The concept of “evidence-based medicine” (EBM) was used for the first time in the early 1990s in an article published in the JAMA (Journal of the American Medical Association), one of the most prestigious and most widely read journals in the world. The term was created by a group of Clinical Epidemiology professors from the University of McMaster (Ontario, Canada) and was mistranslated into Spanish as medicina basada en la evidencia, as the term evidence means scientific test or observation and not evidencia in the sense of something obvious or irrefutable. EBM consists of the judicious integration of individual clinical experience with the best tests from scientific research, taking into account the values of each patient. The article published in the JAMA was titled Evidence-based medicine. A new approach to teaching the practice of medicine and it referred to the need for a new focus on teaching Medicine in which the students learned that clinical decisions must be based on the best scientific tests available. This requires appropriate training in Clinical Epidemiology, enabling doctors to select and analyze published research with a critical spirit, instilling in them the idea that they must always update their medical knowledge. From our point of view, the training received by students of the Bachelor’s Degree in Medicine should include content on statistics in the subjects included in Epidemiology, as statistics are a tool used in the epidemiological method to order and analyze what is observed and reach scientific conclusions that can be generalized (Rubio M, Hernando A, Mohedano R (2014). “Integrated learning of Epidemiology and Biostatistics: assessing students”. Journal of Educational Research. http://dx.doi.org/10.6018/rie.32.1.172601).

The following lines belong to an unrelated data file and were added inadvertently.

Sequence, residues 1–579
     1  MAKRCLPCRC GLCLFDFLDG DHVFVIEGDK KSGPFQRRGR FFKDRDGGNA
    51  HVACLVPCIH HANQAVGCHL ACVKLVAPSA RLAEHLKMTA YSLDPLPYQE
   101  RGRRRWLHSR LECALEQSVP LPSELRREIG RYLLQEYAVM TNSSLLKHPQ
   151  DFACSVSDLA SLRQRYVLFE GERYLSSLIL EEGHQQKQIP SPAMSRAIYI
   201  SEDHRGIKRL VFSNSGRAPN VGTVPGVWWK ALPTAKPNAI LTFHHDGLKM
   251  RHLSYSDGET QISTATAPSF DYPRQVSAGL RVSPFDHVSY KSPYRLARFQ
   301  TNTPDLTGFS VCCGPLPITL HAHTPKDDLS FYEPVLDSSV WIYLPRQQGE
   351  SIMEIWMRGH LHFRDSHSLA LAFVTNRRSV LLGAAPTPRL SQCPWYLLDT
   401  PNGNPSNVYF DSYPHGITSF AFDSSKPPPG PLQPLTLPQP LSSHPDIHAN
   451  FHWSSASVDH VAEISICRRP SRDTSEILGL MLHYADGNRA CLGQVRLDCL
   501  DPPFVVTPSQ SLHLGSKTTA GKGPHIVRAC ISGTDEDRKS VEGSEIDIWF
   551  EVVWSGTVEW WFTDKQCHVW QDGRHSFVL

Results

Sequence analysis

Meanwhile, Medical students need proper training to appropriately manage all the available bibliographic information. This requires knowledge and skills development to make efficient bibliographic searches and to select the medical studies with the highest scientific quality based on solid criteria. Once the bibliography has been selected, they must be able to understand the methods used for the study, to detect possible errors and limitations and to properly interpret the results. This training will be the basis for practicing EBM, regardless of their medical specialization in the future, and it must continue throughout their professional lives.
Adaptation to the European Higher Education Area was an opportunity to redesign learning strategies in university education. University education focuses not only an acquiring knowledge, but also on the development of competencies through teaching methodologies in which the student has active participation. In learning about Epidemiology, there is an example of the importance of having those methodologies, which can position the student before problems and situations that they will have to face as professionals and that will provide them with the tools to respond adequately (Rubio M, Sánchez-Ronco M, Mohedano R, Hernando A (2018) “The impact of participatory teaching methods on medical students’ perception of their abilities and knowledge of epidemiology and statistics”. PLoS ONE. https://doi.org/10.1371/journal.pone.0202769).
The practice of EBM has been criticized due to the excessively scientific approach of Medicine, which seems to ignore the humanist side. In response, the concept of patient-centered medicine has come about, which refers to considering each patient as a unique individual, taking into account their special characteristics, their perception of the disease, their values and preferences. In reality, they are not opposing concepts, rather a good doctor should be able to integrate the two approaches to achieve individualized and humanized clinical practice, but also based on the conclusions of the studies of the best scientific quality.